The West Indies head to India, looking to become the first two-time winners of the World T20 competition. Their win in similar conditions back in 2012 will serve as confidence for the side, with many of their stars remaining from the tournament four years ago.
The preparation has been typically tumultuous over the past month, which all started with a pay dispute between the players and the board, casting the team's participation in doubt before they came to an agreement.
The squad was then forced to deal with a number of withdrawals from the original party, with Sunil Narine, Kieron Pollard and Darren Bravo all declaring themselves unavailable.
Pollard was unable to overcome the injury troubles which have dogged him recently, while Bravo made the decision to concentrate on the longer format of the game and his Test career, making himself unavailable for the T20 side. Big-hitting all-rounder Carlos Brathwaite will replace Pollard in a like-for-like swap, with experienced opener Johnson Charles coming in for Bravo.
Narine, meanwhile was not able to prove to testers that his bowling action was legal in time for the tournament, meaning that his ban will keep him out of the competition, with Ashley Nurse named as his replacement.
The bad news continued less than a fortnight before the competition, with the possibility that one of their star players, Andre Russell could be banned over missed drug tests. Russell's whereabouts were unknown for three tests over the past twelve months, with the all-rounder potentially handed a two-year ban from the sport if found guilty, causing yet more disruption in the camp.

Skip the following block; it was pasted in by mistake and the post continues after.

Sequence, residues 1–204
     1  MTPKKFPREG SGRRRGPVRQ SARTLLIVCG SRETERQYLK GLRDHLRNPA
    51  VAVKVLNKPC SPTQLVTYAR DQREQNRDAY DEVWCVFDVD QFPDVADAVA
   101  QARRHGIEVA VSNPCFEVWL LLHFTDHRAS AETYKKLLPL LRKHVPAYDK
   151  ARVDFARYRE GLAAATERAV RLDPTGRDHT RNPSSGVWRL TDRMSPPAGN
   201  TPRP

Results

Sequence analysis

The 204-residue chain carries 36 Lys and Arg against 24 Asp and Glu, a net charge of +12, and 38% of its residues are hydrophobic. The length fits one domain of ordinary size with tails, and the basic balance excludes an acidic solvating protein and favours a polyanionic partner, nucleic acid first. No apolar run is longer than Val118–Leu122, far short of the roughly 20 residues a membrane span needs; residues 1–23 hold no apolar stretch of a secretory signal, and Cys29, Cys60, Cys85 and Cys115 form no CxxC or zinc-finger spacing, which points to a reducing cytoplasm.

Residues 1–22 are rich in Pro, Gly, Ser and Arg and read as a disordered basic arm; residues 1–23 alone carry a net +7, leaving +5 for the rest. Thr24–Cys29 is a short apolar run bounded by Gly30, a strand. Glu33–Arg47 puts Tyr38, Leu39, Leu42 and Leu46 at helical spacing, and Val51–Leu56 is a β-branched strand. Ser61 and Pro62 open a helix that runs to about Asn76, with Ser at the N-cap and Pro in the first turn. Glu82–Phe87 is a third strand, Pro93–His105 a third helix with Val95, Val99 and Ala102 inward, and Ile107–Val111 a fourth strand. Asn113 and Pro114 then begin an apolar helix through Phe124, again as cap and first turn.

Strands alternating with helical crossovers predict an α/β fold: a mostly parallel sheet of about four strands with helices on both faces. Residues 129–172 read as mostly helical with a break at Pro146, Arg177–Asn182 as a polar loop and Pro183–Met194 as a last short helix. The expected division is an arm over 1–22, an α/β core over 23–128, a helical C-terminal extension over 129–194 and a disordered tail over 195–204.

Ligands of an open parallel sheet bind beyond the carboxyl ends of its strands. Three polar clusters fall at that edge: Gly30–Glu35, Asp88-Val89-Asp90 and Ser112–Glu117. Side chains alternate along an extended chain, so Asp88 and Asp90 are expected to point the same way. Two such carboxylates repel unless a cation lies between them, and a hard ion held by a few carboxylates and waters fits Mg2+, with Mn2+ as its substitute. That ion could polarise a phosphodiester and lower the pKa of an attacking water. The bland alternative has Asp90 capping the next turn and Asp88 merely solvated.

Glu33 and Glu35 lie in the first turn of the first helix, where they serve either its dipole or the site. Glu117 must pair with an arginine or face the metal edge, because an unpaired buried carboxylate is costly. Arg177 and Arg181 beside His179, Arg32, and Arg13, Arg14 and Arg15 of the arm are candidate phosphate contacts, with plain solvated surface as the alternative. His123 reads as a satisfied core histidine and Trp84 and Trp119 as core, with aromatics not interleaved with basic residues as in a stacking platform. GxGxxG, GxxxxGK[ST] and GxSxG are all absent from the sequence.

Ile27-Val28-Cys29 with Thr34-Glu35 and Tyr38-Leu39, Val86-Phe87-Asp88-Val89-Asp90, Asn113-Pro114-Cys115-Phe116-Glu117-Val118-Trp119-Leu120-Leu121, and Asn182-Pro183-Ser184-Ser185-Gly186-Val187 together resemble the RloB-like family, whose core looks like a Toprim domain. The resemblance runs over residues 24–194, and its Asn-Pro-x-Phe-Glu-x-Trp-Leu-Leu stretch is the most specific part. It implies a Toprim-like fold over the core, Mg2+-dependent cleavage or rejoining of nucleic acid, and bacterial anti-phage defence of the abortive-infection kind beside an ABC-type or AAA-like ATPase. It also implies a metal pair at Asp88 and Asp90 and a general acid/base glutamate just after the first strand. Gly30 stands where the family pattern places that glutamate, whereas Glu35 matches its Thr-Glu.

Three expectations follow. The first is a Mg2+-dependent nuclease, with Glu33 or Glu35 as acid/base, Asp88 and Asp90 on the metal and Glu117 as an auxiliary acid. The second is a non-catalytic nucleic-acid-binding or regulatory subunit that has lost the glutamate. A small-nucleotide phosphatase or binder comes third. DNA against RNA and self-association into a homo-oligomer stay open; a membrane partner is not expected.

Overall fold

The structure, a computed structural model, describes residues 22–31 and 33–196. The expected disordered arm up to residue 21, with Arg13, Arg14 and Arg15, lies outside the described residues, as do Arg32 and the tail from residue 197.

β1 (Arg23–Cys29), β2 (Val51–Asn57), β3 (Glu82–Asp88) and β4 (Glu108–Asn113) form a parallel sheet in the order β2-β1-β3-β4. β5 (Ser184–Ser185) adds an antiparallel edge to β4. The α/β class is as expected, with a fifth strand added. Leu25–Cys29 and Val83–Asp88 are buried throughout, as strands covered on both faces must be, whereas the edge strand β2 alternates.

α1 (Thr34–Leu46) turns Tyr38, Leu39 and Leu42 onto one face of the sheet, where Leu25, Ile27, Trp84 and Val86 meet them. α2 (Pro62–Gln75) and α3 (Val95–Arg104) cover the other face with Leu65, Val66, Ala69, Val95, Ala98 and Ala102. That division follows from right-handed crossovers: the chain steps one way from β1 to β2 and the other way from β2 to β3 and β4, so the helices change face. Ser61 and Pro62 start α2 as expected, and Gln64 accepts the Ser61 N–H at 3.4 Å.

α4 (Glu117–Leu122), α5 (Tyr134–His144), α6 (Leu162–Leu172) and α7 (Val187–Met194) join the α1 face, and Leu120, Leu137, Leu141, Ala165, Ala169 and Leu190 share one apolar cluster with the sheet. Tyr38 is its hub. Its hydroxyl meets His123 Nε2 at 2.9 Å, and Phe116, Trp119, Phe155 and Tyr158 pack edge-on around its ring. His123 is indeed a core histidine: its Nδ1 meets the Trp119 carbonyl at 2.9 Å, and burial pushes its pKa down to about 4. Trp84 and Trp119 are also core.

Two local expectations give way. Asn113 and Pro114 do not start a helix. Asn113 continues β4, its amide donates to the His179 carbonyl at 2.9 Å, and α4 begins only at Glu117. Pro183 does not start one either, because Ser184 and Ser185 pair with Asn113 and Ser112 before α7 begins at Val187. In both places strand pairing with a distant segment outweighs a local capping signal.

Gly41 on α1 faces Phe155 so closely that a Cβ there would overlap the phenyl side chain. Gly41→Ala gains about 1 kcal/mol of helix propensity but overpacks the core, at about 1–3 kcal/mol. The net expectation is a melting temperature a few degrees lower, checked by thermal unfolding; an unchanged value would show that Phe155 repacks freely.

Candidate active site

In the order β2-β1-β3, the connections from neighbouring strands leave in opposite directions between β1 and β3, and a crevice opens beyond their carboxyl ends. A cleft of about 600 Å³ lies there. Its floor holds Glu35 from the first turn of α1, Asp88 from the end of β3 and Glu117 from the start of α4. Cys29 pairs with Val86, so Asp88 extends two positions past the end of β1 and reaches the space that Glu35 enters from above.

There's not much to speak of in terms of international T20 form for this West Indies side. Over the past twelve months they have played just two full T20 internationals in Sri Lanka, winning one and losing the other.
More recently they took on Zimbabwe in a pair of practice matches in the UAE, winning on both occasions. The first game saw the bowlers impress, managing to defend a total of 147, before a pair of batsmen came to the party in the second game in a ten-wicket victory.
Having lost the toss, the West Indies held Zimbabwe to 153-7 from their 20 overs, with Brathwaite picking up three wickets from his four overs. In reply, recent call-up Charles and Andre Fletcher knocked off the 154 runs needed for victory in just 12.4 overs. The opening pair hit nine sixes and 15 fours between them, with Fletcher ending unbeaten on 56, and Charles smashing 92 from just 43 deliveries to put their hands up for selection.